Dr. King takes an opportunity to express gratitude for Beatrice Rossell's support to the civil rights movement. He addresses her inquiry regarding his activities with the Highlander Folk School and possible Communist ties. Rossell received a picture of Dr. King at Highlander and the caption addressed him as a Communist.

Letter from Laura Taylor to MLK

Sunday, May 21, 1967

A supporter writes Dr. King to commend his work in the anti-war movement. The author also tells Dr. King that she writes President Johnson and other legislators regularly on the topic, and references a series of letters she sent on the recent Mother's Day holiday.

Letter from W. C. Dobbins to MLK

Wednesday, May 29, 1963

W.C. Dobbins, of the Pensacola Council of Ministers, follows up with Dr. King to request his presence at a mass meeting to be held in either September or October.

MLK Speech at 4th Constitutional Convention - AFL-CIO

Monday, December 11, 1961

This is an annotated copy of an address given by Dr. King at an AFL-CIO convention. Dr. King thoroughly discusses the working conditions of Negroes, and states the Negro unemployment rate is similar to "malignant cancer." He concludes that the two most dynamic forces in the country are the labor movement and the Negro Freedom Movement.

Letter to MLK Regarding Nobel Peace Prize Nominations

Wednesday, January 17, 1968

The writer informs Dr. King of Dean Gunnar Helander's campaign to have L. John Collins nominated for the 1968 Nobel Peace Prize. He requests that Dr. King nominate Collins for this prestigious award.

Telegram from Dr. Roland Smith to MLK

Friday, June 2, 1967

Dr. Roland Smith congratulates Dr. King on being honored with a Doctor of Divinity Degree from Morehouse College.

MLK Requests Contributions

Monday, April 1, 1968

Dr. King writes this fundraising letter on behalf of the Southern Christian Leadership Conference. He explains the campaigns taking place in Washington for the poor and urges immediate financial support for the struggle.

Letter from D. E. Goorman to MLK

Saturday, February 17, 1968

D. E. Goorman advises Dr. King on how to promote peace, freedom and economic security for all US citizens. He suggests "appealing to the moral conscience" of the majority while implementing an economic action plan.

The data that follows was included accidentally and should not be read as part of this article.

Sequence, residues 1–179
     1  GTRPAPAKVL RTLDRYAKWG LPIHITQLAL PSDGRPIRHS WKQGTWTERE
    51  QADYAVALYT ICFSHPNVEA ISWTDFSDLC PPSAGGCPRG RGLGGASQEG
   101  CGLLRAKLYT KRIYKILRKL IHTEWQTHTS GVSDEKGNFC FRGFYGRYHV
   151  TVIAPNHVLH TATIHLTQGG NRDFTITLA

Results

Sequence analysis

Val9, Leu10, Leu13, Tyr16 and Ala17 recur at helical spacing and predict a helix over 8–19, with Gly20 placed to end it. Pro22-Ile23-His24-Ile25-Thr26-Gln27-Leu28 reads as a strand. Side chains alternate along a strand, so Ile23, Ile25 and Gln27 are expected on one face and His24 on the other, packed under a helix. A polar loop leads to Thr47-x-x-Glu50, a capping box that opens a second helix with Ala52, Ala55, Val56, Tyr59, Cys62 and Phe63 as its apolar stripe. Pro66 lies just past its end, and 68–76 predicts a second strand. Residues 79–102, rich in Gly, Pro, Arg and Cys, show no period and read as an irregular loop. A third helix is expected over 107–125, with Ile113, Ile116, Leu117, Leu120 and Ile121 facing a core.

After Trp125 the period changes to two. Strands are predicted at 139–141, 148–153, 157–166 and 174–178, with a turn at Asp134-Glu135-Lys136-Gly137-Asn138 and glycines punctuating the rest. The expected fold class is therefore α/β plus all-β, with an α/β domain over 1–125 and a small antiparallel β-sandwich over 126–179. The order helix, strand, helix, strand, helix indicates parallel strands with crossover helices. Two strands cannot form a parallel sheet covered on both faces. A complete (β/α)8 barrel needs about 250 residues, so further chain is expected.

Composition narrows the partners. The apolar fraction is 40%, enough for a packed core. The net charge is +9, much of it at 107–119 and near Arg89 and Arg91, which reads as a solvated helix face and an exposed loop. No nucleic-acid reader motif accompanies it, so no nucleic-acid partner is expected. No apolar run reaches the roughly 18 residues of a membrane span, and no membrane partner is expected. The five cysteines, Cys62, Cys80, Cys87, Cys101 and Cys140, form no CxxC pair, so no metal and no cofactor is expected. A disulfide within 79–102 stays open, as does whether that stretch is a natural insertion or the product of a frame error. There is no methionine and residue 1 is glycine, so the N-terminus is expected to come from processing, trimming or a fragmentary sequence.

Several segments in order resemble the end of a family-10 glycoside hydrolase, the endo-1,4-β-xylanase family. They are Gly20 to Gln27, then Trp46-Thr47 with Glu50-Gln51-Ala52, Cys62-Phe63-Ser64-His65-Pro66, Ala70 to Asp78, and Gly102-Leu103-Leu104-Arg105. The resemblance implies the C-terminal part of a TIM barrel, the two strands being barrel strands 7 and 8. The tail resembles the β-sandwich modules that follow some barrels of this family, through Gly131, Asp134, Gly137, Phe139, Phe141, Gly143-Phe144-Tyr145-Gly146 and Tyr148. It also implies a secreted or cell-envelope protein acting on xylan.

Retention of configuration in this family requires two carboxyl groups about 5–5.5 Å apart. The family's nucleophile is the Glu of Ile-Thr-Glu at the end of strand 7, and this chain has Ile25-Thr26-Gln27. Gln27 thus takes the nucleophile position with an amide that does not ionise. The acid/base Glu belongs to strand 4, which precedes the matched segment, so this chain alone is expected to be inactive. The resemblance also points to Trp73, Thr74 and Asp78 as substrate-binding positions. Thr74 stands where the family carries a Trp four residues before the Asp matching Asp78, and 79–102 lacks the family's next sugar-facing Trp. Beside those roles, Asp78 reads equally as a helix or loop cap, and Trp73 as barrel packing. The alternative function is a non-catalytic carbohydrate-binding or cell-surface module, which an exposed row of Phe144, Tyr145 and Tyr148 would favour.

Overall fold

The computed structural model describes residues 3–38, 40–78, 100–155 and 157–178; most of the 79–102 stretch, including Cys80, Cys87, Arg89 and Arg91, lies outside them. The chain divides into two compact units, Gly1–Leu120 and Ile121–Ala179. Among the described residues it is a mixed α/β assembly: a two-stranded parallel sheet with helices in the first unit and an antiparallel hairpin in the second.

MLK Responds to Questions Pertaining to the Civil Rights Movement

Dr. King responds to a series of questions concerning such topics as his opposition to the Vietnam War, the direction of the Civil Rights Movement, urban riots in Detroit and Newark, and SCLC initiatives catered to the ghettos of the American South.

Letter From Philip S. Riggs to MLK

Friday, March 24, 1967

In this letter, Philip Riggs writes to express his difference of opinion with Dr. King regarding the treatment of House Representative Adam Clayton Powell.

The Citizenship Education Program

This newsletter serves as a platform for the Citizenship Education Program. The program is designed to help inform African Americans of their rights as citizens in the United States.

Letter from MLK to George E. Bass

Thursday, April 7, 1966

Dr. King declines an invitation to speak at the Annual Luncheon for the Planned Parenthood Association.

Letter from Norman Thomas to the New York Times Editor

Monday, August 28, 1967

Norman Thomas cites an excerpt from a story by Peter Khiss entitled "Rowan Terms Dr. King's Stand on War a Peril to Rights Gains." Mr. Thomas asserts that the statement is incorrect and that he whole "heartily" applauds Dr. King's stance on the Vietnam War.

Our God is Able

In this chapter from "Strength to Love,"Dr. King proclaims that God is able to do anything. He asserts that while man's intellect and natural disasters may cause us to question God, He is omnipotent.

Letter from Barbara Austin to SCLC

Monday, June 26, 1967

Mrs. Austin writes the SCLC concerning Dr. King's views on Vietnam. She encloses a contribution to the organization because of Dr. King's courage to speak out against the war.

Letter from Erik Ruden to MLK

Thursday, January 11, 1968

Upon learning of Dr. King's speaking engagement at the upcoming World Council meeting in Uppsala, Sweden, Ruden invites him to an additional meeting at luncheon or area Baptist Church.

Letter from MLK to Mr. Gambbacinni

Dr. King acknowledges Mr. Gambaccini's request to the Pope for peace regarding the Vietnam War. Dr. King adds, "As the strength of our world's weapons increases and the war in Vietnam continues to escalate the crying need for world peace becomes greater and greater."